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Combined Interpretations of the 2003, 2009, and 2016 Standards that apply to Volume 1 of the 2016 TNI Standard


Question:  How encompassing is the universe of “volumetric measuring devices” needing quarterly checks for accuracy?  Specifically, do graduated cylinders, glass to-deliver pipets, and other garden-variety glassware, which are not Class A, need to be checked quarterly?

TNI Response:  Yes. Graduated cylinders, glass to-deliver pipets, and other garden-variety glassware, which are not Class A, must be checked quarterly.


Question:  As written section appears to contradict itself in that section e reads: "glass microliter syringes and Class A glassware are exempt from any verification requirements beyond what is stated in Section 4.6.2." Then, upon reading section 4.6.2 states: "The laboratory shall ensure that purchased supplies and reagents and consumable materials that affect the quality of tests and/or calibrations are not used until they have been inspected or otherwise verified as complying with standard specifications or requirements defined in the methods for the tests and/or calibrations concerned. These services and supplies used shall comply with specified requirements. Records of actions taken to check compliance shall be maintained."

Can you clarify, per the Standard, if Class A glassware and glass microliter syringes have to be verified for accuracy upon receipt? Section e seems to indicate that these are accepted for accuracy; until you refer to section 4.6.2 which requires verification to specifications upon receipt.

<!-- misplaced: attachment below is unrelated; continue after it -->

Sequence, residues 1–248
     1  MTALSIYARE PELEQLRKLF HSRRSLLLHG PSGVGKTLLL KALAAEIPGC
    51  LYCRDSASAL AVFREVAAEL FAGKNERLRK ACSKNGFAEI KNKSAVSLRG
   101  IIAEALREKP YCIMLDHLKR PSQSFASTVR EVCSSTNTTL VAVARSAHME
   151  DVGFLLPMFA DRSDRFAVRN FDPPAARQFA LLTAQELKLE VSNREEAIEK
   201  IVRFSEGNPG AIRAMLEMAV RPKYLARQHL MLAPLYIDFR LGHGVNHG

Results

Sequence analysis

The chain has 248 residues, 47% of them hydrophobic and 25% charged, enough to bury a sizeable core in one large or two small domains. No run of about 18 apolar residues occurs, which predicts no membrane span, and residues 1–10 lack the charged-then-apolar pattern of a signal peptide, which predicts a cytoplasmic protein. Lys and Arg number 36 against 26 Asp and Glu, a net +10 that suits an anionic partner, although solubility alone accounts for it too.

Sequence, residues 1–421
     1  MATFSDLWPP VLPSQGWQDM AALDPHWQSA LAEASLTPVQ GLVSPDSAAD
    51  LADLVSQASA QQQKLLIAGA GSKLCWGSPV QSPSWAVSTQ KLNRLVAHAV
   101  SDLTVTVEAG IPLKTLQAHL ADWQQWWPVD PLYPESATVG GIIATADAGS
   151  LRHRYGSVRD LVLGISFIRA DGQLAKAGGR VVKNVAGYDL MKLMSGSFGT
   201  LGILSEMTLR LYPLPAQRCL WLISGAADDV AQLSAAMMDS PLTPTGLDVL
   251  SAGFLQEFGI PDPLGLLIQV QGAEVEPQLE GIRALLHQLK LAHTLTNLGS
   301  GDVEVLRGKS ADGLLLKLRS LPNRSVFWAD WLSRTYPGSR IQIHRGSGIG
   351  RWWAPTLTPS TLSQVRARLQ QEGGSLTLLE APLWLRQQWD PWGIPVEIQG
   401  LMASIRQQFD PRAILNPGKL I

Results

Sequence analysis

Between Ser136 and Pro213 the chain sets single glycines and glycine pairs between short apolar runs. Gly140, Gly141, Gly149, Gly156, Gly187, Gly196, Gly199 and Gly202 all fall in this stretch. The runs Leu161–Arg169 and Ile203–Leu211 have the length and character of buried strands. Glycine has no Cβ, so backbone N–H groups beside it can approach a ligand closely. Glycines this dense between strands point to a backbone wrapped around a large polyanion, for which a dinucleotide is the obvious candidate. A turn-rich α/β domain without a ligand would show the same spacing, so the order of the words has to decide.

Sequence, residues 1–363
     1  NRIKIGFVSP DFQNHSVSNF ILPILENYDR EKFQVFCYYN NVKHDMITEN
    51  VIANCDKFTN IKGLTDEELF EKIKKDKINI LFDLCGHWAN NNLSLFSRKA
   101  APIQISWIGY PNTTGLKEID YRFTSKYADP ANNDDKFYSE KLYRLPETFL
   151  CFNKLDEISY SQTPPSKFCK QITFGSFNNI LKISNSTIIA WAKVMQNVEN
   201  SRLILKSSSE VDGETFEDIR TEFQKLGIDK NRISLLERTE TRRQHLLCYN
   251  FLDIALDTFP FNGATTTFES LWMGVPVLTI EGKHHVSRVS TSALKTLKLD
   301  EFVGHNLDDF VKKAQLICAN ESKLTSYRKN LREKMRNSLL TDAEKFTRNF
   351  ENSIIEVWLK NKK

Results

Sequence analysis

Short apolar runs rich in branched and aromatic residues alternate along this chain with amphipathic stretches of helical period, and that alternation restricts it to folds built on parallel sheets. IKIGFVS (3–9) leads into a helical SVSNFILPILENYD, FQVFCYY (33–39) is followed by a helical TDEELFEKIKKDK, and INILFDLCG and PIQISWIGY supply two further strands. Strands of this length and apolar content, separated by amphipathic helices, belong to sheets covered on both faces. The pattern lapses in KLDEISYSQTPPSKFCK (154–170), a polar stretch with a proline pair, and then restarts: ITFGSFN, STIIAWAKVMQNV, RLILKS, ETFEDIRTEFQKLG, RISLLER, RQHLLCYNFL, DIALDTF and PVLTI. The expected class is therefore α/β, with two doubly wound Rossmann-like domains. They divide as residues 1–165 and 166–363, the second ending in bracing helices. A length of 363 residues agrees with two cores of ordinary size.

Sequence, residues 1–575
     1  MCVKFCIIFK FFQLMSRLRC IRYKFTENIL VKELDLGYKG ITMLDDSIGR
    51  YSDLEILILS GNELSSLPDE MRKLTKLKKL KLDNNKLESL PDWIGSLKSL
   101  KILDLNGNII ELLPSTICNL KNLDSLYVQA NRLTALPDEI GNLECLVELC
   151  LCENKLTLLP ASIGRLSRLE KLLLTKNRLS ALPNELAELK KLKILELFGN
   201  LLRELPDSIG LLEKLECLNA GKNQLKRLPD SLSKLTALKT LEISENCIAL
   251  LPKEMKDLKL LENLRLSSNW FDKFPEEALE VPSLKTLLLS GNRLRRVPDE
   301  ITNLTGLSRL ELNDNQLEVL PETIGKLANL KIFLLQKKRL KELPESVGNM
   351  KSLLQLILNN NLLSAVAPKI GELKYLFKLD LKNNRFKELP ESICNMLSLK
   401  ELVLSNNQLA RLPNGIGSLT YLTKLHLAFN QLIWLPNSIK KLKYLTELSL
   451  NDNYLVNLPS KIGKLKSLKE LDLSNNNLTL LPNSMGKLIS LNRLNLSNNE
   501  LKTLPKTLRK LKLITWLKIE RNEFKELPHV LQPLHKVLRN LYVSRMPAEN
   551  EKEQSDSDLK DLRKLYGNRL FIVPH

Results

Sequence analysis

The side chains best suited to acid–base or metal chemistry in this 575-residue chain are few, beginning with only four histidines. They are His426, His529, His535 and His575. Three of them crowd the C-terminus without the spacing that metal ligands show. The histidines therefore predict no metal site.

TNI Response:  Volumetric verification is not required for glass microliter syringes or Class A glassware. Glass microliter syringes and Class A glassware are required to be inspected as complying with any specifications or requirements prior to first use. The laboratory decides how to perform the inspection or verification mentioned in 4.6.2 and must retain records of actions to check compliance.


Question:  The standard states "Volumetric dispensing devices (except Class A glassware and Glass microliter syringes) shall be checked for accuracy on a quarterly basis." Would class A plasticware be considered the same as Class A glassware ie - you do not need to check it on a quarterly basis?  Or would Class A plastic ware be considered the same as non-class A labware? The same question for V1M5 section iii.2.  "equipment such as filter funnels, bottles, non-Class A glassware, and other containers with volumetric markings (including sample analysis vessels) shall be verified once per lot prior to first use. This verification may be volumetric or gravimetric."  Would you need to check Class A plasticware once per lot?

TNI Response:  Plasticware is not glassware. Any volumetric dispensing devices that are not Class A glassware or glass microliter syringes must be checked for accuracy on a quarterly basis.


Question:  Does the NIST traceable reference, in this case a thermometer that is sent out annually to an accredited company for verification, as well as the laboratory support equipment which is verified against this thermometer, also need to be calibrated by that company over the range of use?

TNI Response:  A NIST-traceable reference sent out annually to an accredited company for verification or calibration is to be verified or calibrated over its entire range of use. Laboratory support equipment verified or calibrated in the laboratory against the NIST-traceable reference is to be verified or calibrated over its entire range of use. This section was revised in the 2016 standard to allow a single point verification "if the temperature measuring device is used over a range of 10°C or less."  This is obsolete and can be removed from web when 2009 Standard is no longer in use.